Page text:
It’s stunning because it’s true, and it hints that Democrats might have miscalculated how much political cover they have in this coronavirus crisis. After three days of bipartisan negotiations, Senate Democrats suddenly decided to block the CARES Act on a procedural vote. The New York Times leaves no doubt as to which party made the move, and which party risks getting blamed for the fallout:
Senate Democrats on Wednesday blocked action on an emerging deal to prop up an economy devastated by the coronavirus pandemic, paralyzing the progress of a nearly $2 trillion government rescue package they said failed to adequately protect workers or impose strict enough restrictions on bailed-out businesses.
The party-line vote was a stunning setback after three days of fast-paced negotiations between senators and administration officials to reach a bipartisan compromise on legislation that is expected to be the largest economic stimulus package in American history — now expected to cost $1.8 trillion or more. In a 47-to-47 vote, the Senate fell short of the 60 votes that would have been needed to advance the measure, even as talks continued between behind the scenes between Democrats and the White House to salvage a compromise.
The failure to move forward shook financial markets and threatened an ambitious timeline set by the Trump administration and leading Republicans to move the rescue package through the Senate on Monday and enact it within days.
In voting to block action, Democrats risked a political backlash if they are seen as obstructing progress on a measure that is widely regarded as crucial to aid desperate Americans and prop up a flagging economy.
The deal began to unravel when Nancy Pelosi announced that she would not accept the Senate bill and planned to write a House Democrat plan for Phase 3 coronavirus relief. An infuriated Mitch McConnell ripped Democrats for pulling a last-minute partisan stunt while Americans desperately need relief, and markets need a show of confidence:
“I want everybody to fully understand if we aren’t able to act tomorrow, it will because of our colleagues on the other side continuing to dither when the country expects us to come together and address this problem,” he said from the Senate floor.
McConnell noted that during the vote the stock futures dropped five percent, adding that “the notion that we have time to play games here with the American economy and the American people is utterly absurd.” …
The floor drama came after Schumer, McConnell, House Speaker Nancy Pelosi (D-Calif.) and House Minority Leader Kevin McCarthy (R-Calif.) met with Treasury Secretary Steven Mnuchin to try to break the stalemate.
“All of the sudden the Democratic leader and the speaker of the House shows up, and we’re back to square one. We’re fiddling here, fiddling with the emotions of the American people, fiddling with the markets, fiddling with our health care,” McConnell said.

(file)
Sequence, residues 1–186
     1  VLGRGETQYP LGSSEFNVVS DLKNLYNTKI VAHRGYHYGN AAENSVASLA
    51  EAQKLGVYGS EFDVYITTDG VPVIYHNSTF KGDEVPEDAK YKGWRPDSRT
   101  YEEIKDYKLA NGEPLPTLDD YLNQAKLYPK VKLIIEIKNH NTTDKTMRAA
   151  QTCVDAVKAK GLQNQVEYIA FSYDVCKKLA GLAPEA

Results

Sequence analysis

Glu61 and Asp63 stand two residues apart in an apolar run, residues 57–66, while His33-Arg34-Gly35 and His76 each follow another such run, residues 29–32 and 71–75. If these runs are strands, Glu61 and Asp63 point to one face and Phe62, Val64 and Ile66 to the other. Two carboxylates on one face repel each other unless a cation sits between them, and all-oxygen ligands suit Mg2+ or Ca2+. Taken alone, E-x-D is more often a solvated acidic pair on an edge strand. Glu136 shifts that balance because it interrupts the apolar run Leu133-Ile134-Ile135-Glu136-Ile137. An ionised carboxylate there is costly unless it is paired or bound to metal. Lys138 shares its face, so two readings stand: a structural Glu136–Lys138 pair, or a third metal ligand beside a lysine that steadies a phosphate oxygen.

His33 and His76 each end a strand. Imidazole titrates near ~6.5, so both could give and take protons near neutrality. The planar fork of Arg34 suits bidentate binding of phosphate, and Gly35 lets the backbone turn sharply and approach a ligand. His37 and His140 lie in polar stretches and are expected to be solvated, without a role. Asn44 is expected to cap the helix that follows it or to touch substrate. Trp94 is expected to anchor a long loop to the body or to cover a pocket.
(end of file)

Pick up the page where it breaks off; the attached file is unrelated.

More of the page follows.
“She’s the Speaker of the House, not the Speaker of the Senate. We don’t have one. We were doing just fine until that intervention,” McConnell added.
Senate Democrats rushed to blame McConnell and the Senate GOP for partisanship, but it didn’t convince the New York Times. And if it didn’t convince the New York Times, it’s tough to see who they will convince. Pelosi and Schumer have had significantly sympathetic media treatment thus far in the crisis, but torpedoing a trillion-plus rescue package at the eleventh hour — perhaps the thirteenth hour, arguably — is one partisan trick too many for the Paper of Record.
Of course, by the morning, the headline and the treatment may have changed. It’s tough to memory-hole coverage these days, however …
Update: The Gray Lady’s already rewriting their narrative, at least in the lead headline:
Note that this headline is a section headline in a live-update report, but … yeah, this is not unexpected.
Update, 10:31 pm ET: To be fair, the NYT’s live-update page still has the same headline for that section, and that’s also in the main headline. Also, Mitch McConnell wants a do-over — and note just when he plans to demand another vote on cloture:
Mcconnell says the Senate will take a re-vote of the procedural vote at 9:45 a.m. tomorrow — 15 minutes after the markets open, he notes in an extra bit of pressure on the Ds.
— Seung Min Kim (@seungminkim) March 23, 2020
By that time, some of Schumer’s caucus might be having second thoughts.
Update: Even the Democrats’ favorite Senate Republican is ripping them tonight:
As for funds for companies, it’s to keep entities that employ millions of Americans from folding—it’s to save jobs. Keep this up a little longer and we will go from social distancing to social destruction.
— Mitt Romney (@MittRomney) March 23, 2020
Voters need to feel confident that the country’s leadership is taking this seriously. Donald Trump has been making that impression for at least the last ten days. This makes Democrats look seriously, if not fatally, unserious — and market psychology will tank if it continues.